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I am strying studying on my own parabolic PDEs throughout the book "Linear and Quasi-linear Equations of Parabolic Type" by Vsevolod A. Solonnikov, Nina Uraltseva, Olga Ladyzhenskaya, but there is one thing that I do not understand: why we are looking for the solutions of linear and quasi-linear parabolic PDEs in fractional Sobolev spaces instead of the classical Sobolev spaces. I believe that there is some problem that we find when we try looking for these solutions in the classical Sobolev spaces, but I could not realize what is this problem and the only thing that I could find about the motivation for fractional Sobolev spaces is this. I will be grateful if someone can explain why we work in fractional Sobolev spaces instead of the classical Sobolev spaces.

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The simple answer is that you can find better and sharper estimates using fractional spaces, or interpolation spaces. Let me give an example, our favorite parabolic pde: \begin{align} u_t=u_{xx}. \end{align} When we denote by $S(t)$ the semigroup generated by the laplacian, we can solve the equation as \begin{align} u(t)=S(t)u_0. \end{align} Suppose we want to measure $u(t)$ in some Hilbert space $X$, and the initial condition is from a space $Y$, then we find \begin{align} ||u(t)||_X\leq ||S(t)||_{L(Y,X)}||u_0||_Y. \end{align} The key question is now how the operator norm depends on time. For $X=H^2$ and $Y=L^2$, we know that the operator norm has a singularity of $t^{-1}$, but when we take $Y=H^2$ there is no singularity. Now what if we take an initial condition that is smoother then $L^2$, but not as smooth as $H^2$? How strong will the singularity be? In order to answer these questions, you need interpolation spaces between $H^2$ and $L^2$, in other words, you want to construct a family of spaces $H^\alpha$ in between $H^2$ and $L^2$, and fractional Sobolev spaces are a nice explicit way to construct these spaces. I do recommend to study these lecture notes, http://people.dmi.unipr.it/alessandra.lunardi/. Corollary 4.1.11 is the famous Ladyzhenskaja – Solonnikov – Ural’ceva-theorem, and the use of interpolation spaces becomes very clear here.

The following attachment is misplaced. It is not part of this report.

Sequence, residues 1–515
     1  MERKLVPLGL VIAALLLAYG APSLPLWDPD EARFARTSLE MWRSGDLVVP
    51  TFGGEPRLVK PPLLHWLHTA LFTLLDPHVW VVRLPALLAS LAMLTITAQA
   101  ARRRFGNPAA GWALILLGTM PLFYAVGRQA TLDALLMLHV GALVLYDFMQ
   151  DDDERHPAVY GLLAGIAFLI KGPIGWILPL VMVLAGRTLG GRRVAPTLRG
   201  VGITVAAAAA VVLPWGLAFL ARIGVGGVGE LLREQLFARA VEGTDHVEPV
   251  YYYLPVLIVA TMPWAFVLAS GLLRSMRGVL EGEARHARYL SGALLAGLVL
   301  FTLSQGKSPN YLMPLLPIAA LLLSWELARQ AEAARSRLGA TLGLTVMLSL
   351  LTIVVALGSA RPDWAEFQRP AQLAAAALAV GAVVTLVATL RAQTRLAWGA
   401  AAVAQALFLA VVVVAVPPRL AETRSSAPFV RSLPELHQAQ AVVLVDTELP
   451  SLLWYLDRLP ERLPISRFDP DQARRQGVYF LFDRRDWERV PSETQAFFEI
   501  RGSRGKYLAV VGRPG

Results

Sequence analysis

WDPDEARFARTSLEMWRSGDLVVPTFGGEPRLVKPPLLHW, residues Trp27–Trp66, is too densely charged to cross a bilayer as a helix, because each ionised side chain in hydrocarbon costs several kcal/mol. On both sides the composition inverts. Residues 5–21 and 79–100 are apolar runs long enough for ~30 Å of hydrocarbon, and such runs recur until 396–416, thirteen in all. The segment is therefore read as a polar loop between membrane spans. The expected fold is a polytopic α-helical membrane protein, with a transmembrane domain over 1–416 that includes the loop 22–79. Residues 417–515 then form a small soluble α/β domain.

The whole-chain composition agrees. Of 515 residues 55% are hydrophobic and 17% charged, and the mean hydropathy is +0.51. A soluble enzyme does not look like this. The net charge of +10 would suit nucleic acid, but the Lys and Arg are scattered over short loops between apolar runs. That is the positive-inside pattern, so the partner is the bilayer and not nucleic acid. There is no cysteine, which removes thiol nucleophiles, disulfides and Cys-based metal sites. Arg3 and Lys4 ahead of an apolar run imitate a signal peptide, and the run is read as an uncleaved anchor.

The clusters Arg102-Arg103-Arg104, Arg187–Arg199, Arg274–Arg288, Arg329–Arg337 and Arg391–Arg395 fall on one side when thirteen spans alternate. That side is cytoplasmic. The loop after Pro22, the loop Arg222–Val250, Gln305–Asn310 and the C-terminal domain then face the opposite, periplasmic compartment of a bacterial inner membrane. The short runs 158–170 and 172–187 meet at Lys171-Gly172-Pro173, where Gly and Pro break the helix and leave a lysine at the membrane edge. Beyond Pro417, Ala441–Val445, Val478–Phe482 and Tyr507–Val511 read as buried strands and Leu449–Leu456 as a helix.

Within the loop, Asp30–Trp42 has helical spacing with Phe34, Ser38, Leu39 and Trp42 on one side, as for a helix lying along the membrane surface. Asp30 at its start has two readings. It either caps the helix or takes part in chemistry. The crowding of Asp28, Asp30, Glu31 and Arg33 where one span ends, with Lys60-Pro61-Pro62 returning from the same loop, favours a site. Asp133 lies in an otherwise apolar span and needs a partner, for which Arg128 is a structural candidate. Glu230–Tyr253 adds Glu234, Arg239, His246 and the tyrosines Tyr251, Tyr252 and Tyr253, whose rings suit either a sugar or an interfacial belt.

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  • $\begingroup$ thanks for your answer, but is there other link for this lecture notes? The link is broken. $\endgroup$
    – George
    Mar 27, 2020 at 20:55
  • $\begingroup$ Mmm, strange, well, you could always google `lunardi Analytic Semigroups and Reaction-Diffusion Problems' $\endgroup$
    – C. Hamster
    Mar 30, 2020 at 8:27
  • $\begingroup$ thanks for the reference! One thing that is not well clear for me: what you mean by 'singularity'? I only know the definition for kinds of singularities given in a course of Complex Analysis. Is your definition of singularity for semigroup some of these definitions? I looked for this definition in some book of Analytic Semigroups, including in Lunardi's book, but I did not find $\endgroup$
    – George
    Apr 2, 2020 at 17:23
  • $\begingroup$ By singularity I simply mean `divide by zero', just as in complex analysis. Hence, the operator norm above from $H^2$ to $L^2$, which goes as $t^{-1}$, has a singularity of order 1 at $t=0$. $\endgroup$
    – C. Hamster
    Apr 3, 2020 at 8:06
  • $\begingroup$ thanks for the clarification! If you know the answer, can you answer my question here please? $\endgroup$
    – George
    Apr 3, 2020 at 22:48

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